But, it does seem that a breath of fresh air has swept through Whitehall. The Cameron-Clegg coalition actually does appear to show promise – and not just promise that is carefully engineered to appear hopeful.  We think it actually is hopeful, and reasonably so.

It does seem to go beyond spin.  We asked Paul Waugh of the Evening Standard whether he thought the CamClegg relationship reflected chemistry or tension. Waugh replied almost immediately – chemistry.

As we await the emergency budget – on June 22 – and watch as CamClegg continue to fulfill the hopes and dreams of a nation battered by intrusive, incompetent and arbitrary government, we do so with a sense of expectation, and hope.

“Britain is once again open for business” were the closing remarks from the Chancellor, this evening.  It implies, of course, that Britain was closed for business.  Indeed, it was.

Following the massive fiscal cockups of the Labour regime for the past 13 years, and the consequences that will be felt from those for years to come, let’s hope George can pull off a hat-trick.

If any government could do it, based on the momentum they appear to be continuing to build, this one can.  Boo to Nanny.  Go team.

p.s. We know the blog header needs to be changed, now.

George Osborne: One day left to change our country

In the conservatives on May 5, 2010 at 18:19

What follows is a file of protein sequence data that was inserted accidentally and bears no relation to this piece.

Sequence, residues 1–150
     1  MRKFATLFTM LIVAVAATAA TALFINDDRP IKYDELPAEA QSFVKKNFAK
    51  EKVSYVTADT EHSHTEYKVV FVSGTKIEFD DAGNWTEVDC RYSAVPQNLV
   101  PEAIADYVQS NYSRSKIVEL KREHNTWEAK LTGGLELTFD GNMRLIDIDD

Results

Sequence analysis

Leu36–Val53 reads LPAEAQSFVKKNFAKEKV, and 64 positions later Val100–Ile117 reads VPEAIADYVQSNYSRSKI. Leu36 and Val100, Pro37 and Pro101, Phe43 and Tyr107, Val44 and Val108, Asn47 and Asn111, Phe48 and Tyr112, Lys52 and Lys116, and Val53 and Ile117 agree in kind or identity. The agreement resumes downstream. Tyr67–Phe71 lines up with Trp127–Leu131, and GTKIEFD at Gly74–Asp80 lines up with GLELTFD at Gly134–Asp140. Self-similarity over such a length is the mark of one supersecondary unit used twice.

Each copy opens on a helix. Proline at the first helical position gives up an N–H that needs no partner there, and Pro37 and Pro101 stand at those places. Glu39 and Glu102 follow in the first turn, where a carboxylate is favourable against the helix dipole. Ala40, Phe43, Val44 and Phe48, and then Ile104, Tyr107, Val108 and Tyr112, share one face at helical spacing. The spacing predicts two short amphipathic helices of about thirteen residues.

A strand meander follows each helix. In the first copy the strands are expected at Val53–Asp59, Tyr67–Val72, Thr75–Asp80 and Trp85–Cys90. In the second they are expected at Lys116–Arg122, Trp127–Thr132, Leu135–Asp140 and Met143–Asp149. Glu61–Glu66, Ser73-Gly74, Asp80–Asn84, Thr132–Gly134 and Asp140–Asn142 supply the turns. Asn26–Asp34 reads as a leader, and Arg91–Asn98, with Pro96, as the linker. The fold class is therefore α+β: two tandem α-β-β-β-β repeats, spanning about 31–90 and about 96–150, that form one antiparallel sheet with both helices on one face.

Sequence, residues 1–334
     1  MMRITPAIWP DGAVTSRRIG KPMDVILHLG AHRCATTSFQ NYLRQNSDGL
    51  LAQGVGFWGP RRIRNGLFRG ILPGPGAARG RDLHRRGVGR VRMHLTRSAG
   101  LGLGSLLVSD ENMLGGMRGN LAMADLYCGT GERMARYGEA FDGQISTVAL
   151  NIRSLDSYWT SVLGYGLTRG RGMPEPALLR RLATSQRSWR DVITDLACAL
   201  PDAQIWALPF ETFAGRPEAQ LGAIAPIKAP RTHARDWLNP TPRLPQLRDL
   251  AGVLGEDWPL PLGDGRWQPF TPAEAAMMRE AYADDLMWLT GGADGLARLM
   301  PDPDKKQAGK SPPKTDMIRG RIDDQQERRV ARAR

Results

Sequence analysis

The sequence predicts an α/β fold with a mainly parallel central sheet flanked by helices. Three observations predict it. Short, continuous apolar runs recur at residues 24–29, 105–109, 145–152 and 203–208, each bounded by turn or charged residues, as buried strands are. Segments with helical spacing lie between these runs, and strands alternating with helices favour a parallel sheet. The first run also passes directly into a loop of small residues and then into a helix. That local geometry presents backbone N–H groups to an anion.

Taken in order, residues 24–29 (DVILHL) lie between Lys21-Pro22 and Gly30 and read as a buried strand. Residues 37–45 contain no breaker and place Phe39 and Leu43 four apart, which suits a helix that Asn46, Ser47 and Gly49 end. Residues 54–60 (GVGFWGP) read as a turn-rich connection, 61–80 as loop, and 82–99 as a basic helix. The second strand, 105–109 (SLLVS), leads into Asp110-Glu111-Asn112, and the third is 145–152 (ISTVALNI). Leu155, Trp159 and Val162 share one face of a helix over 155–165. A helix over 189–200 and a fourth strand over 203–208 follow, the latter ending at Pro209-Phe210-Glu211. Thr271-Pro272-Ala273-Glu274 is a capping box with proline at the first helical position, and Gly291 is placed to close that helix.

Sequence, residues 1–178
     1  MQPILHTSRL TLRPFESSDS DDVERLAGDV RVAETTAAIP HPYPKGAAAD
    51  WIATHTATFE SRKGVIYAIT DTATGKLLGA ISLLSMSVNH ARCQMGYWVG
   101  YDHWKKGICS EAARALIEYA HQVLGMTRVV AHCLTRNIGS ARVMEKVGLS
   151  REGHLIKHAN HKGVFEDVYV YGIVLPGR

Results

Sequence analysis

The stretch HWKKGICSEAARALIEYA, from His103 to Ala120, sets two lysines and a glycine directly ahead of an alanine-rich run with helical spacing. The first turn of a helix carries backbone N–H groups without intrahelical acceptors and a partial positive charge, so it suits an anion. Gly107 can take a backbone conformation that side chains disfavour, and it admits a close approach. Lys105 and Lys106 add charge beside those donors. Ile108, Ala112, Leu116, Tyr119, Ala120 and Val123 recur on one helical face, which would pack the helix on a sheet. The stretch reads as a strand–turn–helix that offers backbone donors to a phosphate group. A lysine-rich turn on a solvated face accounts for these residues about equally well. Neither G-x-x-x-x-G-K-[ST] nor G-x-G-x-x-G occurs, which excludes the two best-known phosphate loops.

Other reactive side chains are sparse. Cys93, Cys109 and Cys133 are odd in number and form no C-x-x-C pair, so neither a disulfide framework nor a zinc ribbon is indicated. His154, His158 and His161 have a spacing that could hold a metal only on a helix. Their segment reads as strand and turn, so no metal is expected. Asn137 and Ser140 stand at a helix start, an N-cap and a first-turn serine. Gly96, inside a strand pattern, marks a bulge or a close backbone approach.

via email:

Tomorrow we have the chance to change Britain for the better. But this election is very close and we need all the support you can give in the time that’s left to make that happen.

We have just 24 hours to choose a new government led by David Cameron and save Britain from five more years of Gordon Brown. Only by voting Conservative tomorrow will you get a new government that starts cleaning up the mess on Friday. A vote for the Lib Dems is a vote for five more years of Gordon Brown.

William Hague sent you this video yesterday about the last thirteen years under this Labour government. If you can think of any friends who need to be reminded about their record of failure, please click here to send this on to them.

WATCH: 13 years of Labour

David’s energy, leadership and values have really shone through in this campaign. As I write, he has been on the campaign trail for almost 36 hours non-stop, right through the night. Nobody has campaigned harder than him.

During this political marathon he has travelled across England, Wales, Scotland and Northern Ireland, and done an overnight bus tour to talk to groups of night shift workers. His final rally speech will be in Bristol at 6.30pm, so don’t forget to watch it on TV.

This tour shows that this campaign is all about winning door by door, street by street, constituency by constituency – and we need you to get out there and fight for every last vote.

But if you’re not able to get out onto the streets or do some telephone canvassing, you can still do you bit online to make a difference. As well as forwarding this email on, please tell your friends on Facebook and Twitter why you are voting Conservative, and please donate online to pay for last minute leaflets and online adverts.

The election moment we have been waiting for these last thirteen years is upon us. Together, if we work hard, we really can bring the change Britain needs.

Thank you,

George Osborne's signature

George Osborne
Shadow Chancellor of the Exchequer